Founding Father Quotes

A collection of quotes from the authors of the Declaration of Independance and the Constitution of the United States.
Thomas

Thomas Paine

United States Founding Father(1737 - 1809)
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Thomas Paine Signature

Thomas Paine Biography [Text Version]


FEW men nave ever received so large a share of the podium of common public opinion (which Hood defined as "the average prejudice of mankind") as Thomas Paine, whose pen was almost as powerful in support of the republican cause in the early years of the Revolution, as was the sword of Washington ; because it gave vitality to that latent national sentiment which formed the necessary basis of support to the civil and military power then just evoked by the political exigencies of the American people. He was a native of Thetford, England, where he was born, in 1737. He was bred to the business of stay-maker, carried on by his father, but his mind could not long be chained to the narrow employment of fashioning whale-bone and buckram for the bodices of ladies. He sought and obtained an interview with Dr. Franklin, when that statesman first went to England as agent for Pennsylvania, and by his advice Paine came to America, in 1774, and at once employed his powerful pen in the cause of the aroused colonies. Many of his articles appeared in Pennsylvania papers, over the signature of Common Sense; and at the beginning of 1770, he wrote a pamphlet, at the suggestion of Dr. Rush, bearing that expressive title. It was the earliest and most powerful public appeal in favor of the independence of the colonies, and did more, probably, than any other instrumentality, to fix that idea firmly in the minds of the people. Within a hundred days after its appearance, almost every provincial assembly had spoken in favor of independence. Paine also commenced a series of papers called The Crisis, the first number of which was written in the camp of Washington, near the Delaware, at the close of 1776. They were issued at intervals, during the war. In the Spring of 1777, Paine was appointed, by Congress, Secretary to the Committee on Foreign Affairs, with a salary of seventy dollars a month. It was a position of great trust and reasonability, and he performed the duties satisfactorily until 1779, when, in a public dispute with Silas Deane, he revealed some secrets of his bureau, and was threatened with dismissal. He at once resigned his office, but remained a firm friend to his adopted country. After the war, he used his pen for a lively hood; and in 1790, he visited his native country. There he wrote his Rights of Man, which

1. This purchase was necessary to quiet the occupants of (he land in their possession, for they had purchased from the commissioners under the confiscation act.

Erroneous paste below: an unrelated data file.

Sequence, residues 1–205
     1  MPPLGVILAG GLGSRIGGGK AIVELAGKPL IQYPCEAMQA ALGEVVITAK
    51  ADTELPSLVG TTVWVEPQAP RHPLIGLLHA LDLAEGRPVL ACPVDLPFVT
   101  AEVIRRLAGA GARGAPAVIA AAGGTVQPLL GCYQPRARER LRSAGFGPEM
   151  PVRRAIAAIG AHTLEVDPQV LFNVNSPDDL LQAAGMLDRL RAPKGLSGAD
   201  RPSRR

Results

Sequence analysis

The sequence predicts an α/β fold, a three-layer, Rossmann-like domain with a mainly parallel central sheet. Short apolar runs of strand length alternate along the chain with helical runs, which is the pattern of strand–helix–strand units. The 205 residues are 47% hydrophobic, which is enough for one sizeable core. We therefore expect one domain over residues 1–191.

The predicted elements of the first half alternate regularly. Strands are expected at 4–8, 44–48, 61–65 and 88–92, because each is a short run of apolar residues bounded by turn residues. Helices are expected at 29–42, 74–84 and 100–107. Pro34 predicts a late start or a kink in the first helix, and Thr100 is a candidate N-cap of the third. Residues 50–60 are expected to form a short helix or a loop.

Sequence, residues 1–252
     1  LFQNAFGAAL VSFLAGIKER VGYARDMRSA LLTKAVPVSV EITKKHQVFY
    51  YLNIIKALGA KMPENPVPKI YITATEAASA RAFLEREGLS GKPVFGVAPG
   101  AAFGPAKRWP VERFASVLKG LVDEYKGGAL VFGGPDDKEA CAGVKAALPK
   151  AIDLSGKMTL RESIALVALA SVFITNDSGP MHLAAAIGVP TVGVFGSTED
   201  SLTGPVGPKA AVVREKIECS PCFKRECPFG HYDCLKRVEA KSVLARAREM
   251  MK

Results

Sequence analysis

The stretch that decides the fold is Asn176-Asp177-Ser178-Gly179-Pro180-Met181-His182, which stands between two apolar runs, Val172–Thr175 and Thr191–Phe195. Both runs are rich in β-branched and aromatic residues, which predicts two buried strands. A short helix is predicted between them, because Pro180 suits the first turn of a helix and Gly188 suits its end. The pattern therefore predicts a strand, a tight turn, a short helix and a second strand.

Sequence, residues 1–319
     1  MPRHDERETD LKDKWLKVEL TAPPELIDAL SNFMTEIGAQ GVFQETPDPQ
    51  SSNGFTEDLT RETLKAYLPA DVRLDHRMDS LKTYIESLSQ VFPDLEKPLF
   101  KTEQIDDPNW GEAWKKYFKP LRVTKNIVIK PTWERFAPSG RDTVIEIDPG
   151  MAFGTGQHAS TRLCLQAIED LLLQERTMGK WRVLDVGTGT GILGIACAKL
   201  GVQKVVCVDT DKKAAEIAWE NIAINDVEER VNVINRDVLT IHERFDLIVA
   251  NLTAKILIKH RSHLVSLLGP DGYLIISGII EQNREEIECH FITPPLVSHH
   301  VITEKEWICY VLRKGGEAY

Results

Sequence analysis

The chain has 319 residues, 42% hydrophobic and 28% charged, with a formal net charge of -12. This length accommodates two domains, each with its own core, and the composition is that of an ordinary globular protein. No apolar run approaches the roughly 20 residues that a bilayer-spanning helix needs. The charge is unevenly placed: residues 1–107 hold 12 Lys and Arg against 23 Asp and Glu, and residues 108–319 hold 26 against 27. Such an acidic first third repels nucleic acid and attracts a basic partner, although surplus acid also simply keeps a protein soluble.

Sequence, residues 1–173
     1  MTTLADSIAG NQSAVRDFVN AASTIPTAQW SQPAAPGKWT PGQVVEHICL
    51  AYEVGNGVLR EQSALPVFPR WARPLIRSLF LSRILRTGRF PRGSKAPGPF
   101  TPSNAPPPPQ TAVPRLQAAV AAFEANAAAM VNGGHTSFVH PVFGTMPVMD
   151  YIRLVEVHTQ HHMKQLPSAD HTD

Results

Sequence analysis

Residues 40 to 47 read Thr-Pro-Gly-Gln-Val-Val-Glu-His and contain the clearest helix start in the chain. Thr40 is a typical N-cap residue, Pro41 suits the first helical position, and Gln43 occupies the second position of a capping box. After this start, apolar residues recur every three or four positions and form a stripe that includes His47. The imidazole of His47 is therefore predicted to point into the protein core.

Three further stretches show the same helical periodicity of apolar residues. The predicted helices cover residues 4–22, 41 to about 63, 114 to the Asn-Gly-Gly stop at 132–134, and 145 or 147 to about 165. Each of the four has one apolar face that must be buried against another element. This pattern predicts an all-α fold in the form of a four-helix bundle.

2. So highly was that essay esteemed, that the legislature of Pennsylvania voted the author twenty-five hundred dollars. Washington regarded it as his most powerful aid. In a letter to Joseph Reed, he said, " By private letters which I have lately received from Virginia, I find that Common Sense is working a powerful change there in the minds of many men."

SOURCE: Eminent Americans - By Benson J. Lossing (Published 1886)

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Websites about Thomas Paine



The Digital Public Library of America brings together the riches of America’s libraries, archives, and museums, and makes them freely available to the world. It strives to contain the full breadth of human expression, from the written word, to works of art and culture, to records of America’s heritage, to the efforts and data of science.

There are currenlty are 538 items in the DLPA for Thomas Paine, only 25 are displayed here.

Thomas Paine
Type: image
Wallach Division: Print Collection. The New York Public Library
Thomas Paine
Date: 1791-1791
Type: image
National Portrait Gallery
Thomas Paine
Type: image
Wallach Division: Print Collection. The New York Public Library
Thomas Paine
Date: 1783-1783
Type: image
In 1779 Henry Laurens commissioned Charles Willson Peale to paint a portrait of Thomas Paine that he intended to take with him as he sailed to Holland to raise money for the Continental Congress. Laurens was captured by a British ship on the high seas and the Peale portrait was confiscated. Eventually finding its way into the hands of a Paine admirer, it was engraved in 1783. "A portrait of Common Sense may be had . . . by sending to the printshops in London," a sharp-eyed Marylander reported, "but they have put a wrong name to it, his being Thomas." The original oil painting has dropped from sight, as has the duplicate that Peale added to his collection of likenesses of those who had played major roles in the American Revolution.
National Portrait Gallery
Thomas Paine
Date: 1792-1792
Type: image
National Portrait Gallery
Thomas Paine
Date: 1793-1793
Type: image
When Paine posed for George Romney during the summer of 1792, he had hopes that Rights of Man would do for England what Common Sense had done for America and was exhilarated by its distribution among the lower classes. His supporters, grumbled Hannah More, one of those who gave answer to Paine, "load asses with their pernicious pamphlets and . . . get them dropped, not only in cottages, and in highways, but into mines and coal-pits.
National Portrait Gallery
Thomas Paine
Type: image
Wallach Division: Print Collection. The New York Public Library
Thomas Paine
Type: image
Wallach Division: Print Collection. The New York Public Library
Thomas Paine
Type: image